Converting old spaces into data centers

An upside of constructing data centers is that they often make use of spaces and buildings that have become obsolete or abandoned. When speculating for the perfect spot to house your next computing operation, sometimes the most efficient way to think is outside the box. Rather than constructing thousands of square feet from scratch, many companies have found old structures that meet space, ventilation and geographical needs without breaking the bank. 

Converting a church, mine, storage center or decommissioned power plant into a data center poses some challenges to data center design experts, but not more than they've conquered in the past. On this blog, we've discussed a variety of ingenious and original spaces for data centers that require observers to think hard about what constitutes a "perfect space."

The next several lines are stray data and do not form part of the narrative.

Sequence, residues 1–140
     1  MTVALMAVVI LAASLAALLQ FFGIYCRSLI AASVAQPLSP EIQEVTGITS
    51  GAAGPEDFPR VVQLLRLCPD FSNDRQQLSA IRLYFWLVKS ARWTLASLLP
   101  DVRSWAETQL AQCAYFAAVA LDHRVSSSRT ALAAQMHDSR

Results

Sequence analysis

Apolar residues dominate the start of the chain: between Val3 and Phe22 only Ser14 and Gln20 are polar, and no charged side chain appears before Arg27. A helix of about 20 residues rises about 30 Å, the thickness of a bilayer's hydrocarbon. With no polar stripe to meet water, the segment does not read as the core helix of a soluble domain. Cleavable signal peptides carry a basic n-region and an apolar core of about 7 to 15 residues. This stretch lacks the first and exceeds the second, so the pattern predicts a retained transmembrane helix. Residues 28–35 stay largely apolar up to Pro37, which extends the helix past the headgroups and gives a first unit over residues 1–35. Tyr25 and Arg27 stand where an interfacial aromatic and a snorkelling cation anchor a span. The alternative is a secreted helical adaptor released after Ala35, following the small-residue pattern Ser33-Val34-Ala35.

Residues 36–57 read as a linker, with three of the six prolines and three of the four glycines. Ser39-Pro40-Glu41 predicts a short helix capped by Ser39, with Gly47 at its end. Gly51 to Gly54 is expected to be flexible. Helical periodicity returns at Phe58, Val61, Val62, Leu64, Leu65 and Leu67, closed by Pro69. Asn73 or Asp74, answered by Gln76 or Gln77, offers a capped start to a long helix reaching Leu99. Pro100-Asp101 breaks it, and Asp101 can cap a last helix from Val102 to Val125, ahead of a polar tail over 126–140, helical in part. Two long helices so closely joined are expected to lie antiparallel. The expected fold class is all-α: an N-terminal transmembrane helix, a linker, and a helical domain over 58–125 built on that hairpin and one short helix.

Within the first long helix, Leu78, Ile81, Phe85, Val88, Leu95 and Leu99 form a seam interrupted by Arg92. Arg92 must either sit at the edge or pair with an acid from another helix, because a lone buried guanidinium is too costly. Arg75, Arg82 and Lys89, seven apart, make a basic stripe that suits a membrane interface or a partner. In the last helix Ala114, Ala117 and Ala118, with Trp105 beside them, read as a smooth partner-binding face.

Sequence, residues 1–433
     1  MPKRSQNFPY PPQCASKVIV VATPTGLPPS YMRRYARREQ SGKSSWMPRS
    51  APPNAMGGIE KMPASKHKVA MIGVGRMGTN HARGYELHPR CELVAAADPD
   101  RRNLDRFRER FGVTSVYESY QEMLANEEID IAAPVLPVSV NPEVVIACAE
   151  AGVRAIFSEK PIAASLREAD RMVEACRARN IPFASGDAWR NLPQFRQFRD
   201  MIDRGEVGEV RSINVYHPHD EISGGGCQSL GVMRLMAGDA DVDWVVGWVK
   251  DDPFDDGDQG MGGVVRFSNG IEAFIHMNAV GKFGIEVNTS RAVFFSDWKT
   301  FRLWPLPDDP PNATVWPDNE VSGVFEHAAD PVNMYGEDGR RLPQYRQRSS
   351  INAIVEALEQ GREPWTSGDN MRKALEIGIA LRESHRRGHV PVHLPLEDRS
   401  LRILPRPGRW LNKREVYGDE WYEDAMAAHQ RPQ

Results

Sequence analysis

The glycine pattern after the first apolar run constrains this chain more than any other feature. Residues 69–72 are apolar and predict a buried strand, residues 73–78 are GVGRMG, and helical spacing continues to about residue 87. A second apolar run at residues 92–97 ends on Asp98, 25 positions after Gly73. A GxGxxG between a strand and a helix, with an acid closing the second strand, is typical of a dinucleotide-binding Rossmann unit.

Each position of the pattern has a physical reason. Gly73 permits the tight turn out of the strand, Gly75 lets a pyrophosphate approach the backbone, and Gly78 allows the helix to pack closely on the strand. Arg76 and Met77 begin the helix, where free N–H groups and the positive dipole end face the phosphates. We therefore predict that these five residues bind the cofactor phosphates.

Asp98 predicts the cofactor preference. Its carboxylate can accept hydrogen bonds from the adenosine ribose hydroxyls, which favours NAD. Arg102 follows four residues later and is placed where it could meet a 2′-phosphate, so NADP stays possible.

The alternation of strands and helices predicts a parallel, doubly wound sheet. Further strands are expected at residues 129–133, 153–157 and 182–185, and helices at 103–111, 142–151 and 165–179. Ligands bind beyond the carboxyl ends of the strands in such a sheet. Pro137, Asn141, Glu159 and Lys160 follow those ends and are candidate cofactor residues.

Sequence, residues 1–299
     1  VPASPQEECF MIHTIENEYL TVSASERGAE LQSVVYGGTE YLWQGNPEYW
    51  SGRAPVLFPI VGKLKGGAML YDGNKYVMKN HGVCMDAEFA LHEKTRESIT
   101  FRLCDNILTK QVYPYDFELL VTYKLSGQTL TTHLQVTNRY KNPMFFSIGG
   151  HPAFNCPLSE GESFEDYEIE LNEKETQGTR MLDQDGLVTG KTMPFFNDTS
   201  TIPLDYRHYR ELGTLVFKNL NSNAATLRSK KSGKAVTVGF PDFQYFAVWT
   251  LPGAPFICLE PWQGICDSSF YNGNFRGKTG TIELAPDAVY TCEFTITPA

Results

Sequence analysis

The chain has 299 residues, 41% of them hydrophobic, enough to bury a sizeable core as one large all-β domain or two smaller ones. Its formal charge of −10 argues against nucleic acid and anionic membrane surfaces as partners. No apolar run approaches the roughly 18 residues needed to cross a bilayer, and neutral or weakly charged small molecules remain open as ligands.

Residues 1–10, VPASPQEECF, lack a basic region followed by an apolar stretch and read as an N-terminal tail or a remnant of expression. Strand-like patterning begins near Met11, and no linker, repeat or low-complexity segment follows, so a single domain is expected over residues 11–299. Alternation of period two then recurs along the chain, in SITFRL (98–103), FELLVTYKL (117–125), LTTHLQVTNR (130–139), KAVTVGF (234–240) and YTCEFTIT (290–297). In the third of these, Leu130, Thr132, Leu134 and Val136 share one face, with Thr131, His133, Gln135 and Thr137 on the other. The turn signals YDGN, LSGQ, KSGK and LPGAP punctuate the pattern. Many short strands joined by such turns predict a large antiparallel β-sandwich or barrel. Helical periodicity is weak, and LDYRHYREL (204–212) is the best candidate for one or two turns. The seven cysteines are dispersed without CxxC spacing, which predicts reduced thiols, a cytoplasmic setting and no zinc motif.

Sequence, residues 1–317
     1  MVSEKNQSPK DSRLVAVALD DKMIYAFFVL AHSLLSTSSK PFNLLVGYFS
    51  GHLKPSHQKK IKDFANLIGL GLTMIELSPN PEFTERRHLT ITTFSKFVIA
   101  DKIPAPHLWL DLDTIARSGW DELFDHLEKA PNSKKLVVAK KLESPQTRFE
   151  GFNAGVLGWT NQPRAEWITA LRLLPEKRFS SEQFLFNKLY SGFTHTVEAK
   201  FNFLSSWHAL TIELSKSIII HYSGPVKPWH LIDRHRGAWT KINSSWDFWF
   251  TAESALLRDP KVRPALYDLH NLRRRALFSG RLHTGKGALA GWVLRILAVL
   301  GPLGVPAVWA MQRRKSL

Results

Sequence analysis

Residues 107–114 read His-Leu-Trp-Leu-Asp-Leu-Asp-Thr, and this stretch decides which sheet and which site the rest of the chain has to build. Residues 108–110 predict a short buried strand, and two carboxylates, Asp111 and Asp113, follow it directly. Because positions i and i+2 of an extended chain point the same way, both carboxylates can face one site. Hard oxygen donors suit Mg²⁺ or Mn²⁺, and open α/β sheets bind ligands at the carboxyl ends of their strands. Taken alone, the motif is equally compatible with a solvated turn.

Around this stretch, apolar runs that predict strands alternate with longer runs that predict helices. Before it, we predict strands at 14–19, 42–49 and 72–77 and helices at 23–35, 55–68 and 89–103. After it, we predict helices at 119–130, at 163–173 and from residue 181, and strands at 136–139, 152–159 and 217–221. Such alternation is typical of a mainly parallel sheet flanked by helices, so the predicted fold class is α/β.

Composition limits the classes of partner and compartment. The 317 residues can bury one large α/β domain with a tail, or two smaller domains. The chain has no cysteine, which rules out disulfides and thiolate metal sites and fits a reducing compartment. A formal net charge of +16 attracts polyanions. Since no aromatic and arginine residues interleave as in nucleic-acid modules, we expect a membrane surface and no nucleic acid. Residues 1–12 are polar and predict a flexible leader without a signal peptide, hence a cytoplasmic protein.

"While some companies are choosing to make what they have work better, others are thinking location, location, location," writes Jaymi Heimbuch of TreeHugger. "And when it comes to hunting out ideal locations, well, the sky is the limit. Lately we've seen data centers installed in some really random places – but while unusual, they're smart uses of space."

With consultation from experts, companies needing a new data center might leverage the existing architecture in their community to get the job done. This approach can earn media attention and set a standard for innovation within your industry. 

At Pergravis, we've developed services that help enterprises manage their data center operations. From data center design to maintenance, cooling and mission critical services support, Pergravis can help your company manage its data center operations and safeguard against crises. Contact us today to learn more about our data center solutions.